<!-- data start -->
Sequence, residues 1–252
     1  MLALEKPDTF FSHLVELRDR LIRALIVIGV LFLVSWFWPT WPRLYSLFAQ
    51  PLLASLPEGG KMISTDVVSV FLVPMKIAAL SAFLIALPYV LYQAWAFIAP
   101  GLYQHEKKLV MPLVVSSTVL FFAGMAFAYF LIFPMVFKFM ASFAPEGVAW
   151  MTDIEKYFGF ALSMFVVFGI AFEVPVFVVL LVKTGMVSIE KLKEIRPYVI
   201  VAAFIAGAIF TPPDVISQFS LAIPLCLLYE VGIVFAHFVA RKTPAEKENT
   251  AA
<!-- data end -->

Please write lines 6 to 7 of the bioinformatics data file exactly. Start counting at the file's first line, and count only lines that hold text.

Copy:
   201  VAAFIAGAIF TPPDVISQFS LAIPLCLLYE VGIVFAHFVA RKTPAEKENT
   251  AA